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“Coning down”: This refers to the narrowing of the beam to only expose that part of the body you are specifically interested in. When the beam exposes surrounding tissue, x-radiation is scattered by the surrounding tissue and fogs the portion of the film that you are specifically interested in.  This is why the quality of films that expose large parts of the body is not nearly as good as a carefully “coned down” film exposing just the area of interest.  

“Screens”:  Screens are devices placed within the x-ray cassette, which actually fluoresce when exposed to x-radiation.  This fluorescence also exposes the film to light photons, thus less radiation can still produce a satisfactory film exposure.

The problem is that the fluorescence of the screen slightly diffuses the image, making a poorer quality image.  If you want an especially high quality film, you may need to use cassettes without screens and a more powerful x-ray beam.  

Upright films: If the films are not marked, it is often possible to tell whether they are upright (if the abdomen is within the x-ray field) by the presence or absence of air fluid levels.  You should know that the right and left markers used by many x-ray departments have three little lead beads within a circle.

These beads fall to the bottom side of the circle if the film is placed upright, but remain in the center if the film is flat.  

Fluoroscopic radiation exposure: The image intensifier on a fluoroscopy unit allows the use of very low doses of radiation.  This means that fluoroscopy units, in general, produce less radiation than obtaining ordinary films.  During surgical procedures, the highest dose is to the hands, but Sanders et al. (JBJS 75A:326) calculated from their study that the average surgeon would need to perform 7,614 fluoroscopy assisted procedures per year to reach the limit recommended by the government for the hands.  Nonetheless, one’s best protection is distance from the x-ray beam (and the tissue that is being radiated and scattering x-rays), as dose falls as the cube of the distance.  A surgeon must not become cavalier.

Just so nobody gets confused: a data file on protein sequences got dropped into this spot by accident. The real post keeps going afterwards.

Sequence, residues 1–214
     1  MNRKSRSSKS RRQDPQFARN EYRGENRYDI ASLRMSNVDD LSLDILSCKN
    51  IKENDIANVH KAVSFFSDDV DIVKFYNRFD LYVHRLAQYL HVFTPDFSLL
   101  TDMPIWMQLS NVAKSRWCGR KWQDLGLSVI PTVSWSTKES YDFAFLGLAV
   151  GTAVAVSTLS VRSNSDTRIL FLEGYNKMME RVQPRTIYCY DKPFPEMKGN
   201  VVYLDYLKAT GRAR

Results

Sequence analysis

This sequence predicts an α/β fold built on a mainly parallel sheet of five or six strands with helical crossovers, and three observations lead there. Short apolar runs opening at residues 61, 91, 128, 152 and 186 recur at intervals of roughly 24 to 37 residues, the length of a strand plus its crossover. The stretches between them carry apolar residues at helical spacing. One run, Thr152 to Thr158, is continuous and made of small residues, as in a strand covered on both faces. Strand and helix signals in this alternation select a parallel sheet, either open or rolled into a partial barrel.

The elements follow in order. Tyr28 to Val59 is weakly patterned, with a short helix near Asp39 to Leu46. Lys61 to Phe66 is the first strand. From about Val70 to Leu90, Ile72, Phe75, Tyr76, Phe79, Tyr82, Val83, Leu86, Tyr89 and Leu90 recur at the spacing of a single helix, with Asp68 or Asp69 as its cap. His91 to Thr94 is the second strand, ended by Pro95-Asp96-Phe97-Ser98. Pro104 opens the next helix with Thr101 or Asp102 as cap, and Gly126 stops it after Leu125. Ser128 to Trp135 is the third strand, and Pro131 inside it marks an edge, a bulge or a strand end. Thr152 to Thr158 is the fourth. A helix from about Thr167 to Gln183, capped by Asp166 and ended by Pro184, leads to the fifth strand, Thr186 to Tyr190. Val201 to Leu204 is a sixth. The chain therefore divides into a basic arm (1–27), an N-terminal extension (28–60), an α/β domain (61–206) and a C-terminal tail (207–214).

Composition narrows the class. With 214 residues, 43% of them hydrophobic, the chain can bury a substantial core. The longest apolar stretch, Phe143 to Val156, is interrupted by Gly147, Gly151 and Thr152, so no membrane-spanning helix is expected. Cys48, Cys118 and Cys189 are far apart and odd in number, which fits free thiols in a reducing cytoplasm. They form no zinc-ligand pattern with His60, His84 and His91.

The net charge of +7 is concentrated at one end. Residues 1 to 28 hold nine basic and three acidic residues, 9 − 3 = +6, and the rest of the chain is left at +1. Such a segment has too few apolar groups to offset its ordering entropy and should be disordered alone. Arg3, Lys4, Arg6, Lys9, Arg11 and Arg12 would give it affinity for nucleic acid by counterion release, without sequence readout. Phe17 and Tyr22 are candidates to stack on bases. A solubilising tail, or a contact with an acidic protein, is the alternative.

“God is in the detail”: Visual acuity is high only at the fovea of the eye.  This means that if you glance at an x-ray without actually making your fovea cross all the important parts, it is easy to miss minor flaws.  A wise practice is to trace the surface of each bone with your eye to ensure that the fovea will pass close to all of the important parts of it.   

Densities:  There are only five different densities that can be seen on plain x-rays:

“The worst looking view is the one that speaks the truth”: When trying to determine whether union has occurred, if several views appear to show bridging bone, but one shows a clear defect then the “worst view tells the truth.”  The apparent bridging is an artifact of the two bones overlying one another.  The same is true with alignment.  If


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